Archaeology
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Introduction

The Hambleden Valley has a rich archaeological and historical background. There are finds or structures ranging from the Palaeolithic to post-Medieval times. Within a 1 km radius from the central point of the proposed project area (the public car park between the village and the river) there are 83 find spots, many with multiple finds (SMR database, January 2008).

The project is mainly intended to discover more about the Romano-British activity in the valley along with the nature and extent of the numerous features seen as crop-marks in aerial photographs. It will attempt to relate these to the multi-period activity which is no doubt represented by these features. In short, it will help us to understand the use and development of the Romano-British landscape for this area as a whole.

Two Romano-British villas are already recorded at close proximity (only 670 m apart) in the Hambleden Valley – Yewden and Mill End. The majority, but not all, of the Yewden villa has been excavated by Cocks in 1912 (Cocks, 1921) which revealed a large collection of artefacts and information on the villa structure and layout. However, there is a great need for a re-evaluation of some of the artefacts (e.g. metal, bone, pottery and a newly acquired photographic record against excavation notes). Also required is a re-evaluation of some of the recorded structures (e.g. the 14 ‘corn-driers’ on site).

The second villa at Mill End has never been excavated, but is known from crop marks. The proposed non-intrusive geophysics survey will confirm the villa plan and indicate the nature of other crop marks associated with the villa.

 Archaeology of the valley

In the Hambleden Parish there are only two Palaeolithic flakes, both found in the stream bed. Maybe Palaeolithic people were not present for long in the valley - or maybe people just do not recognise their stone tools?

There is more prolific finds related to Mesolithic activity – with 19 find spots of a variety of tools from tranchet axes to microburins, scrapers and cores. These are concentrated in the banks or close to the river Thames and Hamble Brook. Hence they may reflect ‘visibility’ of the finds.

There are numerous Neolithic artefacts (58 find spots with multiple objects in many), which are very likely to be a true increase in activity during this period. They include axes, scrapers, cores and flakes and in a variety of locations, on hillsides and not solely close to the stream or River Thames. These tools show people were cutting trees, living and making their tools in the valley.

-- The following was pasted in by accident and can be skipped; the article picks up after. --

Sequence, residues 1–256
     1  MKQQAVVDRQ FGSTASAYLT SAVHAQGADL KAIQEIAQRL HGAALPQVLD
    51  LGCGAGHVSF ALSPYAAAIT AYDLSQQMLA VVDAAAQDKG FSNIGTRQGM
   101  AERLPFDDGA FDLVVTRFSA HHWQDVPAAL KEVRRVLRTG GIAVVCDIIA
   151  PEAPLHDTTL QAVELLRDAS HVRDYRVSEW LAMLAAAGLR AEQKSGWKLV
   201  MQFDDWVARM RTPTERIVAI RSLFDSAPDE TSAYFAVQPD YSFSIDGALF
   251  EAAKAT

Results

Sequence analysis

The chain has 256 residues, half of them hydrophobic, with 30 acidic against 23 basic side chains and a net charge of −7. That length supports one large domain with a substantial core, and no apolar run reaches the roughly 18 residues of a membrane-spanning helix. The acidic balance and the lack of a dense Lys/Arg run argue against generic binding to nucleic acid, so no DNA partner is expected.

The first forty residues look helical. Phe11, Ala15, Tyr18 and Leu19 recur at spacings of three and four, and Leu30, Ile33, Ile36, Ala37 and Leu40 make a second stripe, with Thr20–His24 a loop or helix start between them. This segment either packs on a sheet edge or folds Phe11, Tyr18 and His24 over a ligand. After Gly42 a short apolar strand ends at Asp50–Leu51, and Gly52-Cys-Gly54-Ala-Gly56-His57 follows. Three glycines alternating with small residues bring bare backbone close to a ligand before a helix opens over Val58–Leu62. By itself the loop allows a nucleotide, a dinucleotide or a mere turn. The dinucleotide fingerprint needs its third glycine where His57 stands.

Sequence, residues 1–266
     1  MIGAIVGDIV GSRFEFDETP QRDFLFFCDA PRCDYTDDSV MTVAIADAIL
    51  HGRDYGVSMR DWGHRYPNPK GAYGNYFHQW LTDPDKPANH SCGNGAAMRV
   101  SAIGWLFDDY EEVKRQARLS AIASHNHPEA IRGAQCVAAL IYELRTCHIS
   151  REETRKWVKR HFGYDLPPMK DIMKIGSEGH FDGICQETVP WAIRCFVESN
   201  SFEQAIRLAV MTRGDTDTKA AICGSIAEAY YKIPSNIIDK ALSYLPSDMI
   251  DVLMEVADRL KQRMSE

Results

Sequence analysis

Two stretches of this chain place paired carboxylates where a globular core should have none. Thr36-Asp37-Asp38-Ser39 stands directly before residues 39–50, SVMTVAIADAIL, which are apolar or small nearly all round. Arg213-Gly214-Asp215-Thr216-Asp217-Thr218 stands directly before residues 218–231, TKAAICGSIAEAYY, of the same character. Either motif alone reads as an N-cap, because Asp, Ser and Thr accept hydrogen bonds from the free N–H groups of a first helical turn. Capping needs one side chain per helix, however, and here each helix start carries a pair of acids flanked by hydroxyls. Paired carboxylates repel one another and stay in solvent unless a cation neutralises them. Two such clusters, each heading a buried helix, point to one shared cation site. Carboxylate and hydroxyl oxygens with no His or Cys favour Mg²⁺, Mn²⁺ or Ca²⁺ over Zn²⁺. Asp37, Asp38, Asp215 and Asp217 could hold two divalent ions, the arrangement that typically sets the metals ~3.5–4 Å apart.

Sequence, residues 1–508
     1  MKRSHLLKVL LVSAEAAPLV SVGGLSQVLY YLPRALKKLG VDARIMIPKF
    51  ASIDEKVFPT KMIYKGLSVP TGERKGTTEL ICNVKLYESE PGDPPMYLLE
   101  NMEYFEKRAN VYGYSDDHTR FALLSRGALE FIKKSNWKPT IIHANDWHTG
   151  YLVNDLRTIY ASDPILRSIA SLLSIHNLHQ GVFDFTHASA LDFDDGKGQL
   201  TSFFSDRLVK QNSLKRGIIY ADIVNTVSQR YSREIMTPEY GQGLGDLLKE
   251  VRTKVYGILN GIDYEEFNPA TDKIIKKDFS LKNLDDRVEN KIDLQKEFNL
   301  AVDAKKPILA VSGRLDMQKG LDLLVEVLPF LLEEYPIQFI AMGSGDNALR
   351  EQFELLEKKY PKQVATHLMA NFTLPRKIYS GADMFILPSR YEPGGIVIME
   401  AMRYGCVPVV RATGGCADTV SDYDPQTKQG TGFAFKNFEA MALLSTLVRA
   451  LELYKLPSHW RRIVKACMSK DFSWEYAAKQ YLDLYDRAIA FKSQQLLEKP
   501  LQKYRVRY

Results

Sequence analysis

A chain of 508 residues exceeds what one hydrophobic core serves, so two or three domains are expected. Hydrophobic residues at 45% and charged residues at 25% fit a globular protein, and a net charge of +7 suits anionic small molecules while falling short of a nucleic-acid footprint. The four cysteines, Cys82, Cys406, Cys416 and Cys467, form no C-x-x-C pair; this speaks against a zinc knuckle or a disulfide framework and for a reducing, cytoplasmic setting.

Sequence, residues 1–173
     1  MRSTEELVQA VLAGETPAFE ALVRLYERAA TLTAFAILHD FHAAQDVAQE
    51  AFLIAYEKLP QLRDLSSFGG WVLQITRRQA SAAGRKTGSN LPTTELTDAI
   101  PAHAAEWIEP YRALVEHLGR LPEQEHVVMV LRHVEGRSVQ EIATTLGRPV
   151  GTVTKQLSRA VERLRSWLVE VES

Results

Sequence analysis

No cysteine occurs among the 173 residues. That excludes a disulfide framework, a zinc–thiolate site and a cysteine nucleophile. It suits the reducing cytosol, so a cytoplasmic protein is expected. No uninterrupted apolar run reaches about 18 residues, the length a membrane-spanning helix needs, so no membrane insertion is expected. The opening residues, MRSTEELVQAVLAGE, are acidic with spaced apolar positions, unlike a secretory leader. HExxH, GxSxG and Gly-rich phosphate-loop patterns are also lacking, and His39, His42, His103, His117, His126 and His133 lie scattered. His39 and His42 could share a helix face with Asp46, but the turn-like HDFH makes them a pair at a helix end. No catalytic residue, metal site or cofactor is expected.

In contrast, the Bronze Age finds are represented by only two reported items – a socketed axehead and a Palstave, both just north of Yewden. Similarly, the Iron Age is represented by only three finds – a bronze razor, 2 strap unions (near Yewden) and ‘metalwork’ in the Thames . This is unusual, as cropmarks seem to indicate that the Romano-British villa complexes are closely associated with seemingly earlier (Iron Age) structures.

The Roman archaeology is discussed in full below as it is the focus of this initial phase of the project. For the folowing  Anglo-Saxon period there is only one record of a potential barrow (outside the valley on the County boundary with Oxfordshire). The Medieval period only boasts 3 find sites although one is hoard - a beautiful collection of 59 annular brooches (which is at the Bucks County Museum).

Roman archaeology

Hambleden is well-known for its two Roman villas. The famous Yewden villa was excavated in 1912 and a description and interpretation was written by the excavator A. H. Cocks (1921). The villa was shown to be in use from the 1st to the 4th centuries. It is an intriguing site with a villa complex and surrounding boundary wall, tessellated pavements, bathroom suites, a well, 26 pits (interpreted as refuse pits), 14 kilns (interpreted as corn-drying ovens), several adult and 97 infant burials, and a wealth of high status finds. Coins are numerous and include a hoard of 294 coins, at present being re-evaluated. Pottery is also abundant and includes plain and decorated Samian, Rhenish, New Forest , Sandford, Belgic and much coarse pottery. Some of the finds are unusual such 70 styli indicating literacy and a recording role or manufacture of these items on site. More detailed information can be obtained from Cocks (1921) and a detailed assessment of the importance of this site within the Scheduling documentation (English Heritage SM27160).

A second villa at Mill End is known from parch marks which appear in times of drought. They have been traced and interpreted by Farley (1983, Britannia 14, 256-259). However, these can be verified and enhanced by geophysics surveys during this project.